41% of French support lifetime limit of 4 flights per person to combat climate change: Survey
air travel

A recent poll found that 41% of French citizens surveyed support a lifetime limit of four flights per person due to concerns regarding climate change.

A survey conducted by the research firm the Consumer Science and Analytics Institute revealed that a startling number of individuals supported strictly limiting airplane travel to combat climate change.

When citizens were asked whether they would back limiting each individual to four flights over their entire lifetime, 41% stated they would. Support for the restrictions was higher among younger age groups. Of those surveyed between the ages of 18 and 24, 59% supported the proposal.

The survey, conducted in July, interviewed 1,010 French citizens 18 years and older.

The restrictions proposed by engineer Jean-Marc Jancovici would apply to travel for business and pleasure purposes.

While the majority of respondents did not support the extreme proposal, 64% stated that they would be willing to reduce their air travel over the medium term due to environmental concerns.

In an effort to reduce carbon emissions, earlier this year, France signed into law a ban on domestic, short-haul flights that can be completed in less than two-and-a-half hours by train. The ban does not include private jet travel.

Due to the ban, several airplane routes were terminated, including flights connecting the Paris-Orly Airport to Bordeaux, Nantes, and Lyon. According to the European Federation for Transport and Environment, the three retired air routes would reduce emissions by 0.3%. In May, the organization’s aviation director, Jo Dardenne, called the ban a “symbolic move” that will have “very little impact on reducing emissions.”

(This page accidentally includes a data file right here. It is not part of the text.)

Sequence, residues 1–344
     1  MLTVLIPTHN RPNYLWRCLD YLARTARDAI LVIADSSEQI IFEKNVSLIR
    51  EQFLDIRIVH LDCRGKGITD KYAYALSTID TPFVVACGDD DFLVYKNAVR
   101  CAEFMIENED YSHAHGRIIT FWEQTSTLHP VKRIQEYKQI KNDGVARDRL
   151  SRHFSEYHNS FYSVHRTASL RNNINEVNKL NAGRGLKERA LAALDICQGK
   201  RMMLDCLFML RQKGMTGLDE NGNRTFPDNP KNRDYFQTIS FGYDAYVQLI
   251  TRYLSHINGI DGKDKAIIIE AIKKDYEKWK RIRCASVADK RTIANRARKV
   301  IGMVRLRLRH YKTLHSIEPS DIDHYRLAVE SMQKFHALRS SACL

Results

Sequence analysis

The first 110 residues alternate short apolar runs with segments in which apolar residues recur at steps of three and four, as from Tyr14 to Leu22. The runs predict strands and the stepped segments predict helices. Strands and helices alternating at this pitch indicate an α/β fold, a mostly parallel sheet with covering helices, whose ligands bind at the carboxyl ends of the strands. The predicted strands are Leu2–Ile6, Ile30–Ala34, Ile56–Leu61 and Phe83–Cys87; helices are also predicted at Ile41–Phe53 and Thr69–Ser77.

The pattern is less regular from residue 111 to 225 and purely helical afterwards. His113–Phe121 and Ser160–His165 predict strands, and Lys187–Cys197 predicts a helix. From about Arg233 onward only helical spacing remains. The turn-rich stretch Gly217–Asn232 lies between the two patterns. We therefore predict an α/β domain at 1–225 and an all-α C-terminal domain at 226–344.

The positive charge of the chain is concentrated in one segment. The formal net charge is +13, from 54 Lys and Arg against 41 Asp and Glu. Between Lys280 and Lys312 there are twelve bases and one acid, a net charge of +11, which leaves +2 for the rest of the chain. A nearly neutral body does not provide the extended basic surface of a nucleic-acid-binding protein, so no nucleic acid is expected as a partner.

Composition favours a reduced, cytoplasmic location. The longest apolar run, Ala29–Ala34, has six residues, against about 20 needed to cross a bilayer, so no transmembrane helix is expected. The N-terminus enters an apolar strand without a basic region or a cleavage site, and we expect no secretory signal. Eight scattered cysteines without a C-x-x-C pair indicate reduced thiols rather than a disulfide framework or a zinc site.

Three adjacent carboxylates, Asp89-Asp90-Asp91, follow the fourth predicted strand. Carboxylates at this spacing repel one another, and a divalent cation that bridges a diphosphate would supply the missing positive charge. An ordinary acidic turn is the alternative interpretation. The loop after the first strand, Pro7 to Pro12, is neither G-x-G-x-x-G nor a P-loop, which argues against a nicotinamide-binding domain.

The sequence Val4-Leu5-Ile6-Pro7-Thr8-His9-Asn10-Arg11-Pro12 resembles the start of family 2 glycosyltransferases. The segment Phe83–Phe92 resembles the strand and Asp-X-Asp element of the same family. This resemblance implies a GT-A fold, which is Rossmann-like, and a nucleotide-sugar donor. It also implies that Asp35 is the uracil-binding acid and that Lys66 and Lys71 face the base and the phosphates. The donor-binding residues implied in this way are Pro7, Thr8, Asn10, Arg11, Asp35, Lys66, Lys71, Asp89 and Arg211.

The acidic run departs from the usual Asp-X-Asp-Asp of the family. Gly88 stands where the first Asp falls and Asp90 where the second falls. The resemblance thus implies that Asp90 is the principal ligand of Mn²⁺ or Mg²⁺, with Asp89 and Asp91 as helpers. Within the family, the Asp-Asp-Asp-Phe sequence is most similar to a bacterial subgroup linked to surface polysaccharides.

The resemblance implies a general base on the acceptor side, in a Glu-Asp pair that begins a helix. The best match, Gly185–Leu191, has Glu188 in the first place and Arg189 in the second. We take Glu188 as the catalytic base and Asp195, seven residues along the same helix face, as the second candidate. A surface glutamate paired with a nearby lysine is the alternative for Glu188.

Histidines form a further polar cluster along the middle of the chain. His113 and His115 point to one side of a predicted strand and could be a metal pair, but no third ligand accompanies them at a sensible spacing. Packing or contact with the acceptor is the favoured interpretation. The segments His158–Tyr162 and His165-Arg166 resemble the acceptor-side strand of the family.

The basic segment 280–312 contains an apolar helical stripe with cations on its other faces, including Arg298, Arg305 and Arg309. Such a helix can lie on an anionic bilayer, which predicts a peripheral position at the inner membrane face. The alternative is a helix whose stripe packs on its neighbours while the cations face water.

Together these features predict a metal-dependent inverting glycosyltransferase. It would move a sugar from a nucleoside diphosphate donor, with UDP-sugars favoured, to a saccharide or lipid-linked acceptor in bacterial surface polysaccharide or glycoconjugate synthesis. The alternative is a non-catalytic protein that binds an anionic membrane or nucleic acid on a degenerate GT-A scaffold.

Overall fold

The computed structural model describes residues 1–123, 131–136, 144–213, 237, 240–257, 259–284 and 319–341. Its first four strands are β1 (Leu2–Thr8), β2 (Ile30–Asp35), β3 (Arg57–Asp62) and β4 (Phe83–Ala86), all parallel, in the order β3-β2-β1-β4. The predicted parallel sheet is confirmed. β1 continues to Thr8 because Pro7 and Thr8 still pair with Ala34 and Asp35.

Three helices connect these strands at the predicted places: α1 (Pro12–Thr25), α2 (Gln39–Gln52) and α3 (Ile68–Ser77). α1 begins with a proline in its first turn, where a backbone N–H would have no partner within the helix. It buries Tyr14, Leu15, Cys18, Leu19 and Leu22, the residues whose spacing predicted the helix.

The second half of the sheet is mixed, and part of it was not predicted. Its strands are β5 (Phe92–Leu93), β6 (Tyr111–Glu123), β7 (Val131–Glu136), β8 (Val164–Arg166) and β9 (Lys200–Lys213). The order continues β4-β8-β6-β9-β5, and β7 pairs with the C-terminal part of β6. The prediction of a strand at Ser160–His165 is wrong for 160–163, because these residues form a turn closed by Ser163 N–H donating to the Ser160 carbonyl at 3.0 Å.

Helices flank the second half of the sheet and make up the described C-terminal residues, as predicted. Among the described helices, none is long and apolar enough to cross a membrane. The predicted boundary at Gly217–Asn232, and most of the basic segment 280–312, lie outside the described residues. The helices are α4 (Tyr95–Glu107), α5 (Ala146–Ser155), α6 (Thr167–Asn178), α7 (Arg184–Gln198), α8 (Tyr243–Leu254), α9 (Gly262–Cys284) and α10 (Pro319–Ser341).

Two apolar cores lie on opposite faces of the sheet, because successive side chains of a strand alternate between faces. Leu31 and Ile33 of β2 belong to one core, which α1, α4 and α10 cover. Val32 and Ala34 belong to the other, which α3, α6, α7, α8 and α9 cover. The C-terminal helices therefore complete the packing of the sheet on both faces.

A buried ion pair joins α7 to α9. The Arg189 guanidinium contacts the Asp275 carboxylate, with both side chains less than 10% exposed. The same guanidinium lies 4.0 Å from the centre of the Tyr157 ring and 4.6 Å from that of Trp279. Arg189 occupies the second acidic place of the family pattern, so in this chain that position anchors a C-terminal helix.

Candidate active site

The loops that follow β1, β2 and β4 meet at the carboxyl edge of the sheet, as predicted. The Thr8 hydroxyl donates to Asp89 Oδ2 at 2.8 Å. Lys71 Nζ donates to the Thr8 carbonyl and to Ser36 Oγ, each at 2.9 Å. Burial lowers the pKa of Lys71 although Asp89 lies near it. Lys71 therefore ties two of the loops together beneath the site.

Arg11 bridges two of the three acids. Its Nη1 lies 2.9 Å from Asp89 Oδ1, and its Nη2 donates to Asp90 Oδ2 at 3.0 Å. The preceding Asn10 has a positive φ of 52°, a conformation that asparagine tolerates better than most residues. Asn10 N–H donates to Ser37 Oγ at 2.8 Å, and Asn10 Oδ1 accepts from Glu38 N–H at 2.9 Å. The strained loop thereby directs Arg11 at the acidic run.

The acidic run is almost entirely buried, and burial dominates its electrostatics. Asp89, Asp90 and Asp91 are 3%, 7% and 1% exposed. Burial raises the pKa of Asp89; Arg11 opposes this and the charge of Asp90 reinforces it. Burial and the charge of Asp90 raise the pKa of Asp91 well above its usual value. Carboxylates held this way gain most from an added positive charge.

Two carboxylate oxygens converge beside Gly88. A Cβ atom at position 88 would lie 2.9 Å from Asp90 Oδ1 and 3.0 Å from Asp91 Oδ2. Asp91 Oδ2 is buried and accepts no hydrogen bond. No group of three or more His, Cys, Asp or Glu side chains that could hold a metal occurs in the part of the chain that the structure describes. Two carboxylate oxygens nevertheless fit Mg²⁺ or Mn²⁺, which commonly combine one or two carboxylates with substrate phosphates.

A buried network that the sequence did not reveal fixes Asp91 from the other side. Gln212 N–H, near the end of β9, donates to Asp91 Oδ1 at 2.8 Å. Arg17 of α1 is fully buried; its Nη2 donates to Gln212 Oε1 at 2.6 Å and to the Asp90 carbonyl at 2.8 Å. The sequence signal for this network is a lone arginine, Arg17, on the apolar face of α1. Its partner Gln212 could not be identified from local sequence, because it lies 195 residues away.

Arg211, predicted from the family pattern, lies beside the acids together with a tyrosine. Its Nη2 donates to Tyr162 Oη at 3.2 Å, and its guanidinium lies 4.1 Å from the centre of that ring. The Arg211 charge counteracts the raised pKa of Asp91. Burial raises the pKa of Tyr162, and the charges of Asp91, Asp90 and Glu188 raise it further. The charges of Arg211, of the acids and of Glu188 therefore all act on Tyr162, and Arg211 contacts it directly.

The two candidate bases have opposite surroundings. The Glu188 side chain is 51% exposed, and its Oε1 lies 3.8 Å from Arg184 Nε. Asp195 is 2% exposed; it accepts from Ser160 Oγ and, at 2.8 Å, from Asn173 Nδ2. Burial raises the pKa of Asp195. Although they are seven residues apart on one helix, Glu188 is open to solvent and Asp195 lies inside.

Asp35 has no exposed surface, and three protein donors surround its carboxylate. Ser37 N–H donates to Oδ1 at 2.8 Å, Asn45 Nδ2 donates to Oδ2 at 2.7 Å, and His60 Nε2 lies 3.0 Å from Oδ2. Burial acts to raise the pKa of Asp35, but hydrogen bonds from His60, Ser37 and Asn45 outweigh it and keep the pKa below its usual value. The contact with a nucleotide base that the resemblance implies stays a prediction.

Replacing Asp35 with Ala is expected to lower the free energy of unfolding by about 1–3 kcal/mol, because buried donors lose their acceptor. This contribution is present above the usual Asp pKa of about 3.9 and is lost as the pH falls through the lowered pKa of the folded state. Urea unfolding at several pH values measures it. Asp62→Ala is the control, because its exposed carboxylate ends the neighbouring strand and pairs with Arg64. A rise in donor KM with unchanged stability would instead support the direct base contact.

France’s transport minister, Clement Beaune, stated last month that the country would seek support from the European Union to set a minimum cost for flights in an effort to end cheap airfare and deter travelers.

“It’s not a question of multiplying by ten the price of tickets. Why? Because there are also people who take a plane once in their life, who don’t have much money – it’s also a freedom, a means of transportation that can’t be reserved for only the rich,” Beaune said. “I think it’s a discussion we have to have at EU level.”

Last week, French President Emmanuel Macron announced plans to lower the country’s greenhouse gas emissions by 55% by 2030 compared to 1990 levels, PBS reported. In order to do so, Macron stated, “We need to succeed in reducing emissions by 5 percent per year over the period 2022-2030.”

Macron aims to reduce the country’s dependence on fossil fuels from 60% to 40% by 2030. More than 60% of France’s electricity is derived from nuclear energy.

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